It’s been more than five years since whistleblowers uncovered extensive academic fraud at UNC-Chapel Hill. Now, the NCAA has released its third notice of allegations against the school. But, so far, there have been no official sanctions.
Other schools have been less fortunate. Many have faced swift punishment from the NCAA for academic misconduct. The severity of the sanctions has varied widely.
Notre Dame football will be hit with a range of NCAA sanctions for academic misconduct in the 2012 and 2013 seasons. The NCAA found that during those years, nine Notre Dame football players received academic help that “went beyond the rules.” One sanction will be to vacate wins in the 2012 and 2013 seasons.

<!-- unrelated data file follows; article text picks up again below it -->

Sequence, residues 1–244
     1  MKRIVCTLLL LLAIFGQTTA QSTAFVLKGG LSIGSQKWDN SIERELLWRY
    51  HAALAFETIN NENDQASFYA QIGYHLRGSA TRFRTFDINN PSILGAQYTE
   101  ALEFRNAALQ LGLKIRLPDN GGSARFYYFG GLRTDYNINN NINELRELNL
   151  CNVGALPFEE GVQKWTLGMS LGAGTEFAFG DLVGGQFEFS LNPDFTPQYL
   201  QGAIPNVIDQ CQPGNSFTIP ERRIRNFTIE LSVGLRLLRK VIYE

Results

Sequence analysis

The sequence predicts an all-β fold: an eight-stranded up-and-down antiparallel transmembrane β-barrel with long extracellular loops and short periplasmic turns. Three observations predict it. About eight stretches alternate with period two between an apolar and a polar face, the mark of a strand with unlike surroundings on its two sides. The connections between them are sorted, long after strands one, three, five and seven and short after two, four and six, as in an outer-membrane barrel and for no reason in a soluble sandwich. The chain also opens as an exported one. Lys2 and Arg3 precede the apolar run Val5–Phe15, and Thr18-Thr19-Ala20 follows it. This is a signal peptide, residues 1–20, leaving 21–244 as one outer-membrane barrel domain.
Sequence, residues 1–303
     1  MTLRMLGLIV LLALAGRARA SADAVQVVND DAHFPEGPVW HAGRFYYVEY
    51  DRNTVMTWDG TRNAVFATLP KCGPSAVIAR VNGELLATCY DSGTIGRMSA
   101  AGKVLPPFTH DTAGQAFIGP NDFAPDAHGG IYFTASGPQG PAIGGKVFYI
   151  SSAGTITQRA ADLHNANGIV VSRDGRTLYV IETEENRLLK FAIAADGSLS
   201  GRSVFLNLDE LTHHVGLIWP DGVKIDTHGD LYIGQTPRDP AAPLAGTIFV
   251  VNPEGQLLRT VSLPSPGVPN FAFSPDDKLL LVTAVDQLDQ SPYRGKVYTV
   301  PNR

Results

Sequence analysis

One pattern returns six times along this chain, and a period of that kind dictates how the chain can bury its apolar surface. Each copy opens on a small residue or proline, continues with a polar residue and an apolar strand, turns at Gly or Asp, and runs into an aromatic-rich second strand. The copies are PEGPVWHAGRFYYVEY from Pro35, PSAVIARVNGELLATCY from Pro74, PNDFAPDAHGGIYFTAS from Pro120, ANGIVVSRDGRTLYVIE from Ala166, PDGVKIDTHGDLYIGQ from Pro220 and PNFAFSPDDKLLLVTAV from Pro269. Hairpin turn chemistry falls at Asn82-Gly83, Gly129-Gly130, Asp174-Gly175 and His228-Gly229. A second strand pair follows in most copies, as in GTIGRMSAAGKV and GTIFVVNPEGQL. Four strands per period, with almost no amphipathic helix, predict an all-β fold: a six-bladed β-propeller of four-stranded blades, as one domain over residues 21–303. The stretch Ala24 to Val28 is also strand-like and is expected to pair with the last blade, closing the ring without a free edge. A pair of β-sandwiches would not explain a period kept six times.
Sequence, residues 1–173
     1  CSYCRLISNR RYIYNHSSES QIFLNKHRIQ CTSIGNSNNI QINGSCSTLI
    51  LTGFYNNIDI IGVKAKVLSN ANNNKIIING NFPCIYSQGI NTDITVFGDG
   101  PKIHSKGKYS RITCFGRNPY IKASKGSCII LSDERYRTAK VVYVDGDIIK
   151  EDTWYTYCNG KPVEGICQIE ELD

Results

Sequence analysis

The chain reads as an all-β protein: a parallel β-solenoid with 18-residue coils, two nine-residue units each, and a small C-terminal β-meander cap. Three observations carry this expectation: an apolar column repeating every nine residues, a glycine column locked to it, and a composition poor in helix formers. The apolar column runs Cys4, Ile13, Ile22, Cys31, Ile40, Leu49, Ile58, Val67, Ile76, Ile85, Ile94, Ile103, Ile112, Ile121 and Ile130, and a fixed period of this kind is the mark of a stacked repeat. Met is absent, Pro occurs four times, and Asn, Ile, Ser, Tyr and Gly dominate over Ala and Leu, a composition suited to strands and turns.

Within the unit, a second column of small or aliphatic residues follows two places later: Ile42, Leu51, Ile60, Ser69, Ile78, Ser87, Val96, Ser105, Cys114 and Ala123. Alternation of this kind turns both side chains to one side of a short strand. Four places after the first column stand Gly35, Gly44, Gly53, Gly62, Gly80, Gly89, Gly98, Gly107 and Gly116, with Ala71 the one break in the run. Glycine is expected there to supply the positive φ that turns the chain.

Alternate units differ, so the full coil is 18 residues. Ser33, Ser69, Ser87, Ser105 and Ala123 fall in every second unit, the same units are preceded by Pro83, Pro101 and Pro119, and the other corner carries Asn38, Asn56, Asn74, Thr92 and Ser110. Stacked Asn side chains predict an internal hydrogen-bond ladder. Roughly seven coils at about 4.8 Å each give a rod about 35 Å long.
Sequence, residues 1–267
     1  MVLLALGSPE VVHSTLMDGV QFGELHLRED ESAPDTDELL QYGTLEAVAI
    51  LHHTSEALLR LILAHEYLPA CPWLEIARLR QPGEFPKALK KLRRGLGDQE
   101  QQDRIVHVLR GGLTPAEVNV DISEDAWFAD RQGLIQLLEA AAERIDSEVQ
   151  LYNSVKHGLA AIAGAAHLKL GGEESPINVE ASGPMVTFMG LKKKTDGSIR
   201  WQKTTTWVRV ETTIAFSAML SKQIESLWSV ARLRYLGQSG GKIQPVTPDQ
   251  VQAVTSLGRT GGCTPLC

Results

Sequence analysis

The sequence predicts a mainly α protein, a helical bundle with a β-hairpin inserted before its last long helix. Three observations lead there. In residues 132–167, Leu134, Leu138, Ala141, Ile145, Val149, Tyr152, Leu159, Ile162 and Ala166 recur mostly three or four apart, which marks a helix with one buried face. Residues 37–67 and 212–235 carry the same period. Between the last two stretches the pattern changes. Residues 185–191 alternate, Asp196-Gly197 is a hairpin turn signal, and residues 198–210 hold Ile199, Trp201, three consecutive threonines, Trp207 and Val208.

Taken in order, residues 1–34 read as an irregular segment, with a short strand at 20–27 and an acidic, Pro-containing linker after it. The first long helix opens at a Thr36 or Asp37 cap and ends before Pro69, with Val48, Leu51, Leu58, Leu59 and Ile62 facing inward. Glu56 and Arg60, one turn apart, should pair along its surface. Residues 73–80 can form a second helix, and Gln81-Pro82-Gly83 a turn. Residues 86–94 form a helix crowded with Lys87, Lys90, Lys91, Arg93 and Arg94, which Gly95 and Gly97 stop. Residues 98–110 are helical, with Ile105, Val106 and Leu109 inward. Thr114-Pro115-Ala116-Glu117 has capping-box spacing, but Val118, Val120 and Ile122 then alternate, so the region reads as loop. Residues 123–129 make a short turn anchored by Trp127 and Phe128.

The University of Missouri imposed sanctions on its own men’s basketball team after evidence of academic violations was found. To those sanctions, the NCAA added one year of probation. And at Campbell University, the NCAA discovered eligibility issues with transfer students in ten sports over five years. For those violations, the NCAA placed Campbell on probation.
Officially, the NCAA uses a four-level violation structure to help determine punishments. But critics claim that punishments are more arbitrary. NCAA sanctions can range from a slap on the wrist to a serious obstacle to future sports recruitment, success, and income.
Many have argued that the NCAA treats powerhouse programs, such as men’s basketball at UNC-Chapel Hill, too leniently. For two years after Michael McAdoo first sued the university, the NCAA seemed unlikely to punish UNC in any way for its ongoing academic fraud. Although the NCAA later reversed course, the perception lingered that Tar Heel Basketball was “above the law.”
The NCAA still hasn’t issued its final verdict on the scandal.
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